First published: January 1st, 2008
2015 Popsugar RC Category: Book at the Bottom of Your “To Read” List
My Star Rating:
BLUF: This isn’t a self-help book, it’s an OpEd/Pop Science piece.
“Success is not a random act. It arises out of a predictable and powerful set of circumstances and opportunities …”
Plot: Outliers follows the premise that people only became successful because of the opportunities provided in their life. This includes anything from the time of the year or era they were born to family background to the lucky breaks. While there is a controllable factor in success (practice), Gladwell argues that it must be coupled with other factors in order for success to occur.
My thoughts: After reading this, I’m not really sure why my father recommended this to me to read. I feel like the success of books like Freakonomics has us (my father and I included) excited for any book that explains social science in a readable and entertaining manner. Many readers (ahem.. me) take this information at face value and fail to realize any skews or dissents as they are not discussed. My point: take this with a grain of salt.
While this book’s emphasis is on successful people being formed by group effort, I think it’s unfortunate in the sense that it causes readers to say “Ahh, THIS is why I must not be successful.” Why try to be successful if success is based on factors outside of your control? It’s a demotivator and a concept that can be used to justify one’s lack of effort.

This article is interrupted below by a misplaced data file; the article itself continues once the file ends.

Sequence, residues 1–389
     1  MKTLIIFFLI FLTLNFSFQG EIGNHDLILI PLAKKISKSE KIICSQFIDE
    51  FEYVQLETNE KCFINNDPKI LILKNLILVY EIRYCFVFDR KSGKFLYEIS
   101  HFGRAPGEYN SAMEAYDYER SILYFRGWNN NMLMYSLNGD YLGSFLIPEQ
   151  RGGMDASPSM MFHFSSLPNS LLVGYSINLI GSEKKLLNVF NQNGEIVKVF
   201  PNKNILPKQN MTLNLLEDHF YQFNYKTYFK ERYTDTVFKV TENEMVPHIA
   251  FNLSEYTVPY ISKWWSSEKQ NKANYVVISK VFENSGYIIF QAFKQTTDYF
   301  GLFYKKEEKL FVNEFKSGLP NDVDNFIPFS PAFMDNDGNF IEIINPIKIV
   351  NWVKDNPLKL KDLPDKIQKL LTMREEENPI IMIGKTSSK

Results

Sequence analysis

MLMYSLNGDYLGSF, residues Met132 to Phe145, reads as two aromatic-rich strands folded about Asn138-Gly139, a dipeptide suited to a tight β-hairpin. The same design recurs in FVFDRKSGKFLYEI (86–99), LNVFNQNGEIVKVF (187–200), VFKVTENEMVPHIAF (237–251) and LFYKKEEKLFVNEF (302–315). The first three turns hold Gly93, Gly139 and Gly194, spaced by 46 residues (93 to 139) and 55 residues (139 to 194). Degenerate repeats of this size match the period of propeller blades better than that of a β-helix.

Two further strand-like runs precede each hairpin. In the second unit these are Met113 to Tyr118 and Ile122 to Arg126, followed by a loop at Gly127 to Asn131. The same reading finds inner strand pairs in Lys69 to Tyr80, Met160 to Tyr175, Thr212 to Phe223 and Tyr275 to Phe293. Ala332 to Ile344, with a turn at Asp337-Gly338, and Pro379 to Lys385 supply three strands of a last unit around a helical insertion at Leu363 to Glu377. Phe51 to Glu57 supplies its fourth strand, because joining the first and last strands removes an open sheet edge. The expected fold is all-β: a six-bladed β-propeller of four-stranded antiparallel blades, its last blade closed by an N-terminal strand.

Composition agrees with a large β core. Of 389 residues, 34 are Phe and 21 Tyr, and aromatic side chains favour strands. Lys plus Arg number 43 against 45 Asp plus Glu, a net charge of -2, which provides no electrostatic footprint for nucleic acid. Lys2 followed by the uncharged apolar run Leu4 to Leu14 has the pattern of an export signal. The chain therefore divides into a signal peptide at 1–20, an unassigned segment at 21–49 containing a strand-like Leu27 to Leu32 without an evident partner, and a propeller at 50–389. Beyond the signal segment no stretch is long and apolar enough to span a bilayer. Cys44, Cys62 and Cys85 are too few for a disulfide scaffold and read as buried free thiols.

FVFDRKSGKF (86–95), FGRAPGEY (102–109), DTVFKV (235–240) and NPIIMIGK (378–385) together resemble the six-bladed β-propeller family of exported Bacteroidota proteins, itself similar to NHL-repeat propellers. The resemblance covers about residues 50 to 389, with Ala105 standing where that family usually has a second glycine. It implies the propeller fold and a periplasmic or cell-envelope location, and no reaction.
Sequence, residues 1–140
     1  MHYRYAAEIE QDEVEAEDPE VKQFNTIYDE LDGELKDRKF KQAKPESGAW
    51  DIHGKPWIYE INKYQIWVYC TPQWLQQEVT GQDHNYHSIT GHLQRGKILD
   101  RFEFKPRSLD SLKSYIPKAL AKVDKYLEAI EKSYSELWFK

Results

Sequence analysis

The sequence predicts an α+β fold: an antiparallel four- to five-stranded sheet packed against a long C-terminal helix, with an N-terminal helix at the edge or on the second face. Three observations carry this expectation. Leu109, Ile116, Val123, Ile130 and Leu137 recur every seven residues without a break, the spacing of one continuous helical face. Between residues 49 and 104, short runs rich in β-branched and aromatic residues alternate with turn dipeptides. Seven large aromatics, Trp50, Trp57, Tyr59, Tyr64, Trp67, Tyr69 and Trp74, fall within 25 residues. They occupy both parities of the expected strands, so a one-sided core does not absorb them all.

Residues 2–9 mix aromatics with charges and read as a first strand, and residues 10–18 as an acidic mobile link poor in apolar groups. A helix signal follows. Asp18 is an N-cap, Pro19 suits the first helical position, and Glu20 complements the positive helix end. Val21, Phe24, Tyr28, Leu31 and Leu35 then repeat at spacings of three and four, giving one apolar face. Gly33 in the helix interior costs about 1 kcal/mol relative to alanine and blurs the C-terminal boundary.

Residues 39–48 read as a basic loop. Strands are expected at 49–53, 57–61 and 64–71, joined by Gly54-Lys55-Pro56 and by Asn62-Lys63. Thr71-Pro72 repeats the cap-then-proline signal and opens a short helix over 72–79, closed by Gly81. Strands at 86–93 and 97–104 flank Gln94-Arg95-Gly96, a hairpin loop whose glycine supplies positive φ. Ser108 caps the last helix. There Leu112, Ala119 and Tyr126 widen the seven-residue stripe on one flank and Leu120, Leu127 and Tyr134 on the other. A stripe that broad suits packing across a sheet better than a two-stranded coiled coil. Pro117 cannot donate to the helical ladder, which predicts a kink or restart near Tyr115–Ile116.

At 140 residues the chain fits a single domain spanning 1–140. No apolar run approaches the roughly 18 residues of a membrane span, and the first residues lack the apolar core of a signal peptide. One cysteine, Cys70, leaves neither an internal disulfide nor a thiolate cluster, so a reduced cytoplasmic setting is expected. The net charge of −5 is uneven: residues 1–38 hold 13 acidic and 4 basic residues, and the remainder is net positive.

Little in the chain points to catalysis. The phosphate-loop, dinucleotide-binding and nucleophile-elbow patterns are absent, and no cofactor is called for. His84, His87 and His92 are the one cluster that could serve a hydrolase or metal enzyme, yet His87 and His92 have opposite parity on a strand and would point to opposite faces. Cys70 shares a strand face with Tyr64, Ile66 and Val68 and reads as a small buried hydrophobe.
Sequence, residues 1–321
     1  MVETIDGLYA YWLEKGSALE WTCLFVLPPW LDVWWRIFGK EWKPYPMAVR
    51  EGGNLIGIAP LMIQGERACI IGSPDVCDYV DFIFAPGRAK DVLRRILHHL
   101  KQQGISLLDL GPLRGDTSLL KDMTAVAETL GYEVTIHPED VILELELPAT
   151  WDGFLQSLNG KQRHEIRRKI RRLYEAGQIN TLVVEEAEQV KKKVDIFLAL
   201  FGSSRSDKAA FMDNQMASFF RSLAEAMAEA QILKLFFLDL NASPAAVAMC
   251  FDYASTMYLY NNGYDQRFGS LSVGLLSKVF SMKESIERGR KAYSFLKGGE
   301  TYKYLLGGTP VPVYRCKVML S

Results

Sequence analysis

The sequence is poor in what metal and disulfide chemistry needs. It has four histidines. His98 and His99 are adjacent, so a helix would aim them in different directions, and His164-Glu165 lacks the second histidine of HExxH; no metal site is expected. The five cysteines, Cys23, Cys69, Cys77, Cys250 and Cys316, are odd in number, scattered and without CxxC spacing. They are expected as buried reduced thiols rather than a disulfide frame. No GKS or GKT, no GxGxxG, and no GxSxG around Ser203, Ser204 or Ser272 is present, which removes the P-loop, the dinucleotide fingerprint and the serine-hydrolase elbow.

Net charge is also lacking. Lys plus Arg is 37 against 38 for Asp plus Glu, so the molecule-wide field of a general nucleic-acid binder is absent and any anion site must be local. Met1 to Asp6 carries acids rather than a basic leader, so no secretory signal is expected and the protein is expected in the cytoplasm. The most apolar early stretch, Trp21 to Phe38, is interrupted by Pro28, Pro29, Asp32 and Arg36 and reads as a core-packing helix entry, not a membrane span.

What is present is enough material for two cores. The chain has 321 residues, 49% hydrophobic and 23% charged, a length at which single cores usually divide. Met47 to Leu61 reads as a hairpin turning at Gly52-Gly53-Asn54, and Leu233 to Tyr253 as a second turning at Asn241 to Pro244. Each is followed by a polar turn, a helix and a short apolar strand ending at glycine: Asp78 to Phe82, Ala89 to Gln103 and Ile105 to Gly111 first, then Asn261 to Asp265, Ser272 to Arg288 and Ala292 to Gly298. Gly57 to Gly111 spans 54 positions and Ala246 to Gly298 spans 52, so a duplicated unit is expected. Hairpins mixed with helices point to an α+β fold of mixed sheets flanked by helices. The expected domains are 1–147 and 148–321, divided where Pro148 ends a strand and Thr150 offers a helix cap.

Concepts Discussed: Opining aside, Outliers presents an interesting argument about success. Malcolm Gladwell offers some ideas that seem pretty self explanatory: high general intelligence doesn’t take you far if you don’t have practical intelligence, practice in a trade or skill is necessary for mastery, and culture plays a major part in who we are and how we behave. Other ideas you may be hearing for the first time: how you were raised, arbitrary cutoff dates (schools, sports, etc.), and “what your parents do for a living, and the assumptions that accompany the class your parents belong to” matter.
Summary of Examples: Gladwell discussions include Bill Joy, Bill Gates, The Beatles, Steve Jobs, Chris Langan, Lewis Terman, Oppenheimer, Joe Flow, Alexander Bickle, Maurice and Mort Janklow, Regina and Louis Borgenict, the Howards and Turners, Gert Hofstede, Alan Schoenfield, and himself. Arguments are detailed with the use of sports and school advantages, Jewish immigrants, cultural legacies, rice farmers, and the KIPP Academy along with brief life bios for some of the individuals listed above.
Oh, BTW: When asked, “What do you want people to take away from Outliers?” Gladwell answered “My wish with Outliers is that it makes us understand how much of a group project success is”.